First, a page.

The Owens River weaves Inyo and LA together

The Owens River is famous the world over for its unique place in history as the lifeblood of both the Owens Valley and the City of Los Angeles. It was the diversion of its water to the great metropolis through the LA Aqueduct in 1913 that allowed that city to grow from just 100,000 people in 1900 to 1.2 million just 30 years later. In the Owens Valley, the completion of the aqueduct changed the valley’s history and signaled the beginning of a rocky and often contentious relationship with its “absentee landlord,” the City of Los Angeles.

Before the aqueduct, the Owens River served the area’s first inhabitants, the Paiute/Shoshone people quite well. They built small diversion dams to irrigate stands of native plants.  The arrival of white settlers put an end to the Paiutes’ way of life.  Ranchers quickly diverted Owns River and its tributaries for their own use, primarily to grow hay for their cattle.  Farmers moved in and took the best land for themselves.  Increasing numbers of white settlers made it nearly impossible for the Paiute to maintain their traditional way of life.

At its peak, farmers and ranchers in the Owens Valley had almost 60,000 acres of land under irrigated cultivation.  When Los Angles officials arrived in 1905, it was the water rights of these farmers and ranchers that the City quickly pursued.  Many sold out.  Others held on but eventually caved in to the financial and social pressures put on them by the City.  Once the LA Aqueduct was complete and diversions started in 1913, the loss of water and the impacts it had on Inyo were profound. Today, less than 15,000 acres of land in Inyo County are being irrigated.

The Owens River begins on the icy slopes of the Eastern Sierra just south of June Mountain Ski Area.  Small creeks combine in Glass Creek Meadows to form Glass Creek, the furthest natural reach of this over-utilized watercourse.

Glass Creek soon joins Deadman Creek and flows easterly under US Highway 395 just before the climb to Deadman Pass.  These two creeks are joined by smaller tributaries and springs and together they soon flow into the northern reaches of the broad expanse of Long Valley where it becomes well known to anglers as the “Upper Owens.”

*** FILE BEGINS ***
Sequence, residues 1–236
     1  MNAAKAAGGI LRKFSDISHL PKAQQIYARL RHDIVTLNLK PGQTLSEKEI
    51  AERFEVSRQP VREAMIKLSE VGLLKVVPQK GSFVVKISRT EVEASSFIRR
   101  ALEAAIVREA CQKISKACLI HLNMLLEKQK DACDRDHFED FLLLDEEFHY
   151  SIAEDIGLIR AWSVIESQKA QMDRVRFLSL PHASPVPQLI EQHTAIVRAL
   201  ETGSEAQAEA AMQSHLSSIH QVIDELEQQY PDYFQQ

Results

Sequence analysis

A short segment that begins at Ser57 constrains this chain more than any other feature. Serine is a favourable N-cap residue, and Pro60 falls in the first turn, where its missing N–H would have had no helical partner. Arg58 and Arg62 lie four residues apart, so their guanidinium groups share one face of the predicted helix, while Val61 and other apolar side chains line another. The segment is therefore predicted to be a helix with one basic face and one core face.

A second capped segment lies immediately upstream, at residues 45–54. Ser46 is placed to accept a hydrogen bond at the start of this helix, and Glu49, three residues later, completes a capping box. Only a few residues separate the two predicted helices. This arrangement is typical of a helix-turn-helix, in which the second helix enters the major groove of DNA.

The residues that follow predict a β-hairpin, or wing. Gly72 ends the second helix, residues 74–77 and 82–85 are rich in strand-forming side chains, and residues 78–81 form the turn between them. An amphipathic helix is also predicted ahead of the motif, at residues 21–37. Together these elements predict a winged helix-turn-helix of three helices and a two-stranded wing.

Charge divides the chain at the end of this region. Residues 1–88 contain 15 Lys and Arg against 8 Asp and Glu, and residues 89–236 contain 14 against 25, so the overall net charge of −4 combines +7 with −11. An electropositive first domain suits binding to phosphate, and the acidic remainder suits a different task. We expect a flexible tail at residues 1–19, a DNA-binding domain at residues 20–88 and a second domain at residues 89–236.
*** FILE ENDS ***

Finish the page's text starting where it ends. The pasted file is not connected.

For 26 miles, the Owens River winds its way through this picturesque setting toward 50-plus square mile Crowley Lake, the largest storage reservoir on the Owens. Fly-fishing is the sport here with brilliant rainbows, brown trout, and cutthroat testing the skills of anglers. From Crowley Lake, the Owens River drops steeply through the voluminous Owens River Gorge.

The steep vertical walls of the Gorge attract climbers from throughout the world and foot trails wind throughout the Gorge providing numerous hiking opportunities, especially during the cooler months.

As the Owens River enters the flats of the Owens Valley, its speed slows as it makes its way peacefully through the bottomlands.  About 10 miles south of Big Pine, at a location called Aberdeen, the River is diverted into a the Los Angeles Aqueduct and from here, flows 233 miles to Los Angeles through a series of siphons, canals, pipes and reservoirs, entirely by gravity.  It was and still is considered a marvel of engineering.

In 2006, after years of negotiations and litigation, the City of Los Angles agreed to allow water to flow on a permanent basis, down the 63 miles of the Lower Owens River dry riverbed below the Aberdeen diversion, all the way to Owens Lake

Dry Owens Lake itself is seeing a resurgence.  For decades the dry lake fouled the local air with huge dust storms. Since 2001, the city of Los Angeles has been working under a court order to reduce the dust, and has cut the dust emissions coming off the lake by 95 percent. Shallow pools of water have been spread over much of the lake, providing a surge in visits by waterfowl.  The City recently opened its Owens Lake Trails project. Three different access points provide 4 miles of hiking trails, taking in the scenery and providing wildlife-viewing opportunities.

The Owens River has had a long history of serving humankind, and continues to go through many changes as it works hard to please everyone.  Perhaps the Owens can be best summed up in a Mark Twain quote, “A river is like a book, but not a book to be read once and thrown aside, for it has a new story to tell every day.”